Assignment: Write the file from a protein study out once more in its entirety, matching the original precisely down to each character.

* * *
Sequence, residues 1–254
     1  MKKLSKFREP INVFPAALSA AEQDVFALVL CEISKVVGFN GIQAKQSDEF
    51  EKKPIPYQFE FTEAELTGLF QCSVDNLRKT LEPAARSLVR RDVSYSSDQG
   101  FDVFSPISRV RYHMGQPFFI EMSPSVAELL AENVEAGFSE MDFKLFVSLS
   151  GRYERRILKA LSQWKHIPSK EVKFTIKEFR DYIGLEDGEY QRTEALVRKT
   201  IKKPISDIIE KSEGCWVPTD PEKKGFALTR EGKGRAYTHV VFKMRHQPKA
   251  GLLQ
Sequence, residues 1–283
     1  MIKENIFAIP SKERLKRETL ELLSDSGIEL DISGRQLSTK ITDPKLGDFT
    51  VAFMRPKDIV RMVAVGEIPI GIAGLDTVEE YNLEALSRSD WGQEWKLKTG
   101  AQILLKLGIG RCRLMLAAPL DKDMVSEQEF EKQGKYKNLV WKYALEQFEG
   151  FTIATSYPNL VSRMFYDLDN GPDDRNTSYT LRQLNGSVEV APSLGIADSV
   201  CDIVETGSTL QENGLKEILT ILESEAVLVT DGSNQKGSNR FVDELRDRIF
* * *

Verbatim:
Sequence, residues 1–254
     1  MKKLSKFREP INVFPAALSA AEQDVFALVL CEISKVVGFN GIQAKQSDEF
    51  EKKPIPYQFE FTEAELTGLF QCSVDNLRKT LEPAARSLVR RDVSYSSDQG
   101  FDVFSPISRV RYHMGQPFFI EMSPSVAELL AENVEAGFSE MDFKLFVSLS
   151  GRYERRILKA LSQWKHIPSK EVKFTIKEFR DYIGLEDGEY QRTEALVRKT
   201  IKKPISDIIE KSEGCWVPTD PEKKGFALTR EGKGRAYTHV VFKMRHQPKA
   251  GLLQ
Sequence, residues 1–283
     1  MIKENIFAIP SKERLKRETL ELLSDSGIEL DISGRQLSTK ITDPKLGDFT
    51  VAFMRPKDIV RMVAVGEIPI GIAGLDTVEE YNLEALSRSD WGQEWKLKTG
   101  AQILLKLGIG RCRLMLAAPL DKDMVSEQEF EKQGKYKNLV WKYALEQFEG
   151  FTIATSYPNL VSRMFYDLDN GPDDRNTSYT LRQLNGSVEV APSLGIADSV
   201  CDIVETGSTL QENGLKEILT ILESEAVLVT DGSNQKGSNR FVDELRDRIF